Employer and Employee Sabotage of the Bottom Line

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You don’t want to place an employee who will sabotage the client’s bottom line. By the same token, you don’t want to place a candidate with a company that will compromise both its own revenues and the employee’s income.

Yesterday, in the span of no more than one hour, I had firsthand experience of both of these—of how an employer can sabotage both its own bottom line and its employees’ efforts to do their job and make a living, and then the reverse—with an employee at another company sabotaging both the corporate and personal bottom line.

Here’s how that hour began:  For some time, I have been determined to replace my overpriced mobile phone service with something 1/3 as expensive. So, I revisited a new city-core franchise of one of the world’s largest discount mobile phone companies, where very friendly staff had previously explained their service packages. Once again, I liked what they had to offer and how they offered it, so I committed to signing up.

Double Disconnect

But there was a hurdle: Purely on the basis of my passport number and the single rock-solid credit card I used and despite very recent successful credit checks related to renting my new apartment, my application was instantly rejected by the company’s credit-checking software. Attempts to investigate the basis of the vexing rejection were fruitless, since all of the service rep’s attempted and repeated direct dealer calls to the company’s customer service department failed—after very long musical waits terminated by sudden and jarring automatic disconnects, something she said happens to the staff all the time.

That engaging young woman who recognized me as a regular customer of her mother’s neighborhood sundries shop said that the phone company’s instant credit-checking software routinely disqualifies new-service applicants who clearly seem to have no credit issues—including one man with four gold credit cards.  Another, who arrived earlier in the morning and ready to fork over $300 to replace a lost Blackberry, was also among that morning’s four credit rejects.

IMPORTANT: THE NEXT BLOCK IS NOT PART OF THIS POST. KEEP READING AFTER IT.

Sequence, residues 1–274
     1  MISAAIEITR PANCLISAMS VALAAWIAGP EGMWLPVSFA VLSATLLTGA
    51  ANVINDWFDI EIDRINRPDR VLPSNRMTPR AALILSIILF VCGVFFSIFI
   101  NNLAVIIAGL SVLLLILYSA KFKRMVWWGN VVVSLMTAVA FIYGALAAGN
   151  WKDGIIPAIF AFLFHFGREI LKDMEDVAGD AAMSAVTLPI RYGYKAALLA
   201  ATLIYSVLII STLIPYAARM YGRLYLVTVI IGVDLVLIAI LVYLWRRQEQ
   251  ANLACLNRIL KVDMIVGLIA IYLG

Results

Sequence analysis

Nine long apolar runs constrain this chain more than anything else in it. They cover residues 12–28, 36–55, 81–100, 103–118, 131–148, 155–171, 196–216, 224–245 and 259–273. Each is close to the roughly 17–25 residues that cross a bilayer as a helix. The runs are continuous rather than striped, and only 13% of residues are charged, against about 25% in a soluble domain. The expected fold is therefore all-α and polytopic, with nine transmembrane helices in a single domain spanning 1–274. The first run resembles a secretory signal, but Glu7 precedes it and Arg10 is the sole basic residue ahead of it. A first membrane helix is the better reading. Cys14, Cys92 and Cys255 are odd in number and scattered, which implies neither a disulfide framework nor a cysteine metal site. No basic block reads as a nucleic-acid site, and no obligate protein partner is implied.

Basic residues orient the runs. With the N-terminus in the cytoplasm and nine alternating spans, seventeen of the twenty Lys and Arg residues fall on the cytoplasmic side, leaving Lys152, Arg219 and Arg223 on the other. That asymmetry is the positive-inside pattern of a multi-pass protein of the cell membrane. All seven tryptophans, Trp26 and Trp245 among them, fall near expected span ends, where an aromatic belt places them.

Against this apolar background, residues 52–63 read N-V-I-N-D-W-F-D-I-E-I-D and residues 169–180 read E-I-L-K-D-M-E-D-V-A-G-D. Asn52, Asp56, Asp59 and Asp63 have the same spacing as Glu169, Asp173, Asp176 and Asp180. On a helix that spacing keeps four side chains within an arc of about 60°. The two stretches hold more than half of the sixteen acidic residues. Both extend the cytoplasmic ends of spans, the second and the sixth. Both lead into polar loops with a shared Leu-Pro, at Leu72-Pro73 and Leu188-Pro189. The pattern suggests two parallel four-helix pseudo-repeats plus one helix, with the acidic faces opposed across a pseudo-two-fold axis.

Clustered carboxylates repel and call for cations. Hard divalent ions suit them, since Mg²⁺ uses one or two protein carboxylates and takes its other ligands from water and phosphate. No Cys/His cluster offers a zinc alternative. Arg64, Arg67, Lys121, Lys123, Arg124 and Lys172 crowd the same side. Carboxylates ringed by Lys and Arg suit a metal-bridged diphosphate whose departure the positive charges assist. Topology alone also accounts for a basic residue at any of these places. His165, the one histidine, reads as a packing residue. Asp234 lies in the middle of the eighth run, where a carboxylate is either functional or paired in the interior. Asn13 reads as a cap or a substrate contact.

She said that there have been numerous complaints about the screening service—from staff as well as rejected prospective customers—and that so far this day she had already lost four commissions, including the one from my planned subscription, a fiasco that she said occurs routinely, because of, she and her colleagues believe, a glitch in the credit-check software design or flaw in the company’s policies.

Frustrated by the disconnected calls and the company’s software that denied us the chance to give and get money, we commiserated with each other over lost service and commissions before I grudgingly headed off to visit an alternative company.

Clearly there was more than one disconnect in this situation: In addition to the atrocious service support available to the company’s own staff, the phone company’s software or credit policies disconnected the engaging employees from its bottom line and revenue generation: effective employee engagement + ineffective corporate administrative follow-through = business-model failure (hyphen optional).

Compounded Irony in the Rules of Engagement

The irony of this situation was not only not wasted on me, but was also, within minutes, to be replicated at a second mobile phone kiosk, in reverse form.

Like the first service center, this one was one I had previously scouted, but, in contrast, had doubts about because, unlike all the staff at the former franchise, the sole 20-something employee at this second one seemed clearly disengaged from me and his job. When I arrived and stood at the counter the first time, he remained seated, didn’t engage me at all, answered questions in a perfunctory monotone and did nothing to suggest that he or the company wanted my business and money. It was like trying to communicate with a teenager playing a video game.

Despite my reservations and because I had run out of nearby options, I went back and got the same treatment from the same guy, and then left, with as few words exchanged this time as the first, which had been some weeks before. However, frustrated twice in one hour and fed up with mobile phone company frustrations, I wheeled around after exiting the complex, went back and engaged him—on my terms.

An Authentic Chat

I politely recommended that he try to be at least a little engaging with prospective customers. His calm, candid response was that he doesn’t want to be a performer, forced to fake enthusiasm or to attempt a rah-rah hard-plastic sell. No emotional labor for him. No, instead, he said, he wanted to sit and interact as naturally as I would were I seated there.